Trump’s winning because he’s reaching out to longtime Republican voters who’ve finally realized that it’s the party’s own Wall Street elites who knocked them down economically. And it’s the insider cadre of influence peddlers who’ve shut them out politically.

    The party power powers are insisting that The Donald is winning only because he’s drawing voters who are ignorant, racist, xenophobic, and sexist. Some of them certainly are. But he’s also drawing huge numbers of disaffected Republicans who are mainly opposed to the party’s own power players.

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Ohio Proves It: Rehabilitation Works

    You might not guess it from the Republican governor or GOP-dominated legislature, but Ohio is proving itself the most progressive state in the union when it comes to youth prison reform.

    The Buckeye State has shifted away from punishing kids who get ensnared in the juvenile justice system to rehabilitating them, and it’s saved money doing so.

    “What we’ve done in the past is treat the children who are incarcerated like mini adults,” explained Linda Janes, the deputy director of Ohio’s Department of Youth Services. “We know better now through research and through all kinds of evidence that that’s a mistake. Children have to be treated like children.”

    That conclusion is good for youth offenders and good for society.

    Guards in the Ohio juvenile system are now called “youth specialists,” and school uniforms have replaced prison khakis. Offenders spend their days in a school setting and earn their high school diplomas.

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Obama's wobbly legal victory on immigration

    The administration of President Barack Obama just won a big legal victory for its decision to let some children of illegal immigrants remain in the country. On the surface, that might seem to augur well for the administration's efforts to ease other immigration restrictions in the face of Congressional opposition.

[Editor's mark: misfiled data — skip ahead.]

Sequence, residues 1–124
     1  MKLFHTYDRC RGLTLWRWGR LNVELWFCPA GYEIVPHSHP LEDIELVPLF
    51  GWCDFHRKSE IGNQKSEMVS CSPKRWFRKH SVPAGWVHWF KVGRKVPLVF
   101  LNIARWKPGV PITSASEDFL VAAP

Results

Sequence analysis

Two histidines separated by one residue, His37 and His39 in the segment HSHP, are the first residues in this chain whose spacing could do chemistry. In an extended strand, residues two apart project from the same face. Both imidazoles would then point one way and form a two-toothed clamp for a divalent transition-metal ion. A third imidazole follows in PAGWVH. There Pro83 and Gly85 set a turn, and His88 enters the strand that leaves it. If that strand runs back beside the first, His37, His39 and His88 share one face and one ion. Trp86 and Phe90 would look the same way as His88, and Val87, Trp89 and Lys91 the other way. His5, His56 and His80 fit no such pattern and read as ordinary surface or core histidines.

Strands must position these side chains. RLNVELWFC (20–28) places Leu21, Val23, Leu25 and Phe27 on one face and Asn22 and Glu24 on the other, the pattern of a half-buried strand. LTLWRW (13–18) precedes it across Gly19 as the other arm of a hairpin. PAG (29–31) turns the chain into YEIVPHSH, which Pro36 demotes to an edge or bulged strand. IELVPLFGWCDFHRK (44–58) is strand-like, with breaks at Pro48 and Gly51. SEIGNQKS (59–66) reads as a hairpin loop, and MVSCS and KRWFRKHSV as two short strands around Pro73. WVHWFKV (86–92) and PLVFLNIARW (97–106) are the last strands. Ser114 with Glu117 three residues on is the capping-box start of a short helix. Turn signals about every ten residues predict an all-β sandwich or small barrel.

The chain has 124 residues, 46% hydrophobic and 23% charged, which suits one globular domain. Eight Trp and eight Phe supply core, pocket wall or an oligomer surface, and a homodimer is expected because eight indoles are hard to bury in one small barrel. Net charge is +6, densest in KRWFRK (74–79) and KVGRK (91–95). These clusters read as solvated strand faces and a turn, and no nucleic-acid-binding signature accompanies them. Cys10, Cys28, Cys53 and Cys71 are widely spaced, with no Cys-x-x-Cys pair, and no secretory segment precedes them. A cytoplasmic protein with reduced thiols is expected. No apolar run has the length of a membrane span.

Don't count on it. The federal court decision that backed Obama was based on precarious legal reasoning that's vulnerable to reversal by the Supreme Court.

    On Tuesday, the U.S. Court of Appeals for the Ninth Circuit struck down Arizona's refusal of driver's licenses to dreamers, people brought here illegally as children. But the decision didn't rule on whether the president has the power to make immigration policy, focusing instead on the relationship between Arizona and the federal government. That leaves a lot of bigger legal questions unanswered.

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Frozen post-Soviet conflicts often don't stay that way

    Armenia and Azerbaijan have announced a truce after three days of fierce fighting in the secessionist region of Nagorno-Karabakh, but the flare-up is proof that the post-Soviet frozen conflicts are not really frozen. At any moment, they can be ignited by the realignment of international alliances and loyalties, and people will start dying again.

    There are four post-Soviet frozen conflicts. Three smolder around the Black Sea: Transnistria, a separatist region of Moldova, the Georgian regions of Abkhazia and South Ossetia, and, since last year, eastern Ukraine. The first two started in the early 1990s, the third one in 2014, as Russia attempted to destabilize an anti-Moscow government in Kiev. The Nagorno-Karabakh conflict, a territory disputed by Armenia and Azerbaijan, is the oldest.